A Conservancy analysis of the western Mojave Desert identified where human activities had degraded the conservation value of lands making them potentially low impact locations for development of solar facilities. In this assessment authors applied that same approach in the Western San Joaquin Valley—an area with…

2013 | Terrestrial | Planning | Maps & Webmaps

Western San Joaquin Valley Least Conflict Solar Energy Assessment webmap

Megan Webb, Scott Butterfield

This webmap is a product of The Nature Conservancy’s 2013 Western San Joaquin Valley (WSJV) Least Conflict Solar Energy Assessment which characterizes the land use and conservation constraints and opportunities associated with siting solar energy facilities in the WSJV in California. This approach identified areas with high…

2012 | Terrestrial | Planning | Publications & Reports

Solar Energy Development in the Western Mojave Desert

Cameron, D., S. Parker, B. Cohen, J. Randall, B. Christian, J. Moore, L. Crane, S. A. Morrison

Industrial-scale renewable energy generation facilities can have sizable footprints and therefore significant impact on the conservation values of a landscape. This assessment focused on a region experiencing intense development pressure, the western Mojave Desert, to highlight how facilities could be sited to have lower impact…

2012 | Terrestrial | Planning | Publications & Reports

An Approach to Enhance the Conservation-Compatibility of Solar Energy Development

Cameron, D.R., B.S. Cohen, S.A. Morrison

California, like many regions in the world, needs to plan for emissions reductions and domestic clean energy. Ideally, that would be done in a way that is strategic, not reactionary. Through science-based landscape planning for conservation and energy, the trade-offs between energy development and habitat…

2012 | Terrestrial | Planning | Science | Publications & Reports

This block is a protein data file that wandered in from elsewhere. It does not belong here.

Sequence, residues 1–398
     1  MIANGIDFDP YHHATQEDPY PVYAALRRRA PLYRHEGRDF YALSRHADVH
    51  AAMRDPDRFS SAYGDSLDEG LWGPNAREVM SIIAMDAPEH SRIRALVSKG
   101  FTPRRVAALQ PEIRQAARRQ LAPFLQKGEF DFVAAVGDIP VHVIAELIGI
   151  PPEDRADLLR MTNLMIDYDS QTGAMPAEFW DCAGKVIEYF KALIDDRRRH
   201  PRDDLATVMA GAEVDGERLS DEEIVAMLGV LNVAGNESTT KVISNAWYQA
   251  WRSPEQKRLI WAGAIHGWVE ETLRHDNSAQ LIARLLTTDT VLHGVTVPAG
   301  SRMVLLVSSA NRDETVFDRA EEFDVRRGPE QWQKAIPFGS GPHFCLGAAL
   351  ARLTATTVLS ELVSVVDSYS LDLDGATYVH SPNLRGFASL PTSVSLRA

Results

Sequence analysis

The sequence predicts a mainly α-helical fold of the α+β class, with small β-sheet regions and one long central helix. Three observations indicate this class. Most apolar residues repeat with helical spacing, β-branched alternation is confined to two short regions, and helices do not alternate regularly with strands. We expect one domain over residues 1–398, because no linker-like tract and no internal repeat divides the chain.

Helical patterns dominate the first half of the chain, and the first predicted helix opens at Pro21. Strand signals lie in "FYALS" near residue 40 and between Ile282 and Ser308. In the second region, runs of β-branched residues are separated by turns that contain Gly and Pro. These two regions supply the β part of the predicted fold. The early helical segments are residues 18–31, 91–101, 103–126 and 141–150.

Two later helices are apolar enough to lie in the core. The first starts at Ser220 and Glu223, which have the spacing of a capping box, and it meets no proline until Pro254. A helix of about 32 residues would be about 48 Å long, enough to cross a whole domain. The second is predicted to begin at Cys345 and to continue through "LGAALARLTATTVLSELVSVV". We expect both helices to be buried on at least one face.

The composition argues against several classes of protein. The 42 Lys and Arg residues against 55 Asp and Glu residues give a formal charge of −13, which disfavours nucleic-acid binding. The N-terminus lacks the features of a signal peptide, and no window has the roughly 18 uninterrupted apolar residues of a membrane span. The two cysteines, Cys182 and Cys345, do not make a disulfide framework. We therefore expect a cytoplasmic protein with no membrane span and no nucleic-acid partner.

Small Reserves Can Successfully Preserve Rare Plants Despite Management Challenges

Parker, S.S

Small preserves are difficult to manage, but they can be important for rare plant protection. The article outlines the management challenges faced by small preserves, provides a case study from The San Bernardino Mountains of southern California, and suggests strategies and management recommendations for rare…

2010 | Terrestrial | Planning | Maps & Webmaps

Renewables in the Mojave Desert

Brian Cohen

This map and a series of others in the Conservancy's 2010 Mojave Desert Ecoregional Assessment have played a guiding role in siting—and mitigating the impacts of—renewable energy development throughout the Mojave Desert. The Assessment helped shape the Desert Renewable Energy Conservation Plan. Completed and signed in 2016, the…

2010 | Terrestrial | Planning | Publications & Reports

Mojave Desert Ecoregional Assessment

John M. Randall, Sophie S. Parker, James Moore, Brian Cohen, Laura Crane, Bill Christian, Dick Cameron, Jason B. Mackenzie, Kirk Klausmeyer, Scott Morrison

Regional conservation planning is critical to inform land and resource use decisions. The Mojave Desert Ecoregional Assessment represents an important advance in such planning, because of how its output  characterized not just areas of high conservation value, but how conservation values distributed and graded across…

2010 | Terrestrial | Planning | Data

Mojave Desert Ecoregional Assessment data

Dick Cameron , Brian Cohen

This dataset is a product of the Mojave Desert Ecoregional Assessment and characterizes the distribution of biodiversity conservation values and land disturbance to help inform regional land-use and conservation investment. The data were grouped into four categories of conservation value: Ecologically Core, Ecologically Intact,…

2010 | Terrestrial | Science | Publications & Reports

Interfacing models of wildlife habitat and human development to predict the future distribution of puma habitat

CL Burdett, KR Crooks, DM Theobald, KR Wilson, EE Boydston, LM Lyren, RN Fisher, TW Vickers, SA Morrison, WM Boyce

Long-term studies of animal movement can generate data that allow for robust modeling of habitat use by the species. This study characterizes and maps the distribution of habitat for mountain lions in coastal southern California, and combines those data with models of projected urban growth…

2008 | Terrestrial | Planning | Publications & Reports

Conserving connectivity: some lessons from mountain lions in southern California

Scott Morrison, Walter Boyce

Critical for biodiversity conservation is the retention of ecological connectivity in the landscape, so that wildlife—and the natural processes that sustain wildlife—can move around. Ideally, that cohesion would be protected by conserving landscape-scale linkages—large swaths of relatively intact habitat joining core reserve lands. Where linkages…

2000 | Terrestrial | Science | Publications & Reports

Arthropods in urban habitat fragments in southern California: area, age and edge effects

Douglas T. Bolger, Andrew V. Suarez, Kevin R. Crooks, Scott A. Morrison, Ted J. Case

Habitat fragmentation ushers in a wide array of ecological changes, and understanding the drivers and impacts of those changes is critical for conservation management. This study examines an often overlooked suite of taxa – arthropods – and describes patterns of abundance and diversity across a…